You really need to keep your environment clean and ordered. It helps you to write, because
a) you will be THINKING about cleaning, if you haven't done it. It takes surprisingly big amount of your brain capacity, which you should be free to use fully in your writing.
b) clean space is inspiring. Your mind will try to fill it. Use this to fill your pages with words ;-)
c) People with allergies are only very, very sensitive. Everyone gets tired of needing to breathe dust. You don't need to be tired, you need all the aid you can get to be alert and awake.
If all the members using the household take their responsibility (and even small children and animals can be trained to do their bit), it shouldn't take more than 15 minutes a day to see that your home is "clean enough". It doesn't need to be spotless, so clean that you could eat from floor (you can't. Ever. And won't either.) or not even the hotel standard. It's a home, not an ad for a cleaning firm or a hospital. (sometimes it is, but not usually, at least for writers.) If you keep the floor empty so that you can drag the vacuum cleaner through the home once a week, it's good enough.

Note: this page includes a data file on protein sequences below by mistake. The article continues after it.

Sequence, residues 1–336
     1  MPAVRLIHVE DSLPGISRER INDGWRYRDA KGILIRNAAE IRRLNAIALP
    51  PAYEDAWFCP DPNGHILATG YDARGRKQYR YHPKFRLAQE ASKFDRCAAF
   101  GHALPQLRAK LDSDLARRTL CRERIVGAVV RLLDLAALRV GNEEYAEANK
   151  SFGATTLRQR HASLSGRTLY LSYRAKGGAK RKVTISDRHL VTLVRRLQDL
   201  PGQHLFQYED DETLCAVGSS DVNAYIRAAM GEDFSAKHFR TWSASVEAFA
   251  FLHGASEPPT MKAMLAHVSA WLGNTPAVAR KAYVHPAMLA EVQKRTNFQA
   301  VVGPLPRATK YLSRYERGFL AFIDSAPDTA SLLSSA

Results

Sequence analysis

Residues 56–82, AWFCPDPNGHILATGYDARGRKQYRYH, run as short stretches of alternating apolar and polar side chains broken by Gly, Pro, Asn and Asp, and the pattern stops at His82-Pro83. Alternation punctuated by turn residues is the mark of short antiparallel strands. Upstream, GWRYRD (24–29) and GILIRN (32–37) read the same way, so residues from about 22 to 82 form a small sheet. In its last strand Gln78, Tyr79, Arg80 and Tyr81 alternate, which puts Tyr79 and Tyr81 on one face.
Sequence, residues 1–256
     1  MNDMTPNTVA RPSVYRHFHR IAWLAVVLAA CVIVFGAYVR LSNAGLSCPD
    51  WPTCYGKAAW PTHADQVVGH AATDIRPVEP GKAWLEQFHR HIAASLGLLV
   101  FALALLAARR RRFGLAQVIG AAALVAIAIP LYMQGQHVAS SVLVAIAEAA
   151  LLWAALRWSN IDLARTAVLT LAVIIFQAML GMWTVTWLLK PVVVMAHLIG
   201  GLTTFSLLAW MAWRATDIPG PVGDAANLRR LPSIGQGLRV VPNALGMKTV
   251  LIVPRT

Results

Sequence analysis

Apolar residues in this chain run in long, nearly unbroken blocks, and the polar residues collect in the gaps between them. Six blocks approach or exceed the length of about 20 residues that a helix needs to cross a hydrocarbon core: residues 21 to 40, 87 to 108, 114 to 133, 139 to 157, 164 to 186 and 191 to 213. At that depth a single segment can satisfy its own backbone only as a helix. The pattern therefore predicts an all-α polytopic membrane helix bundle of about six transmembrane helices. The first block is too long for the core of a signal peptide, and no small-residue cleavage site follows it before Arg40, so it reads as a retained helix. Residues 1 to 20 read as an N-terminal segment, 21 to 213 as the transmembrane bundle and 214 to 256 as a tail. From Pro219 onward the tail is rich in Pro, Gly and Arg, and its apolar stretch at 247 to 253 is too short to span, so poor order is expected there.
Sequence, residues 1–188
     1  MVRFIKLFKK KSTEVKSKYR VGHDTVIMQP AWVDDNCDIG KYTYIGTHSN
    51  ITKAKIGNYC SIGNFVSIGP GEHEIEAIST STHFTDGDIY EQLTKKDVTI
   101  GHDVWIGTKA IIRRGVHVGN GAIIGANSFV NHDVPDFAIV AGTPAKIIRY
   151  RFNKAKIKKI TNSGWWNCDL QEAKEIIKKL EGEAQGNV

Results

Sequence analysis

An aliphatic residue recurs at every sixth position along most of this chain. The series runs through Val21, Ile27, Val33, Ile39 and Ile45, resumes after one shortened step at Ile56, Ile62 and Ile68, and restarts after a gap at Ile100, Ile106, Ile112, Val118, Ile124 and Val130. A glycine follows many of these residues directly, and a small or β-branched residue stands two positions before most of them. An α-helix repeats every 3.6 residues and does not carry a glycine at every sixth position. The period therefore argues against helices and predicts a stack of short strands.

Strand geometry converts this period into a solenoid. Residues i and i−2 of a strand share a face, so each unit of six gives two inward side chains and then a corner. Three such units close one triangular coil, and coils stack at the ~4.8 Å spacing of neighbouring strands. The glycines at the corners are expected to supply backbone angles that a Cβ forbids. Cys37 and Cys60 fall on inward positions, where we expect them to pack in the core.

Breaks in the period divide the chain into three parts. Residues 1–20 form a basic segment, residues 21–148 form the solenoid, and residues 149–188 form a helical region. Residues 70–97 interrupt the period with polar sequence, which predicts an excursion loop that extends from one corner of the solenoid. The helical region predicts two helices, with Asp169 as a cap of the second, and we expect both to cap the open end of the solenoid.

You just need a couple of rules:
1) there is a place for every item and every item has a place.
2) You put the things back right after you have used them.
3) Put the visible scraps, garbage, crap in the garbage bin when you see it (or straight after you have stopped creating it).
This means that after breakfast, you put the egg shells and used teabags and coffee filters and what nots in the garbage bin, and you wash the dishes you used and let dry.
After having taken a shower, you dry the floor and hang your towel to dry in its place.
After having brushed your teeth, you wipe the sink and mirror.
Just the way you wipe your bottom, flush and wash and dry your hands after having used the toilet.
It doesn't take a long time, but it makes all the difference.
If you do arts and crafts, you clean up your work place every day after having used it. This is what we learned to do in craft school, because we weren't the only people using the same room and tools, so they had to be clean and everything in place for the next user. You can easily show yourself the same consideration.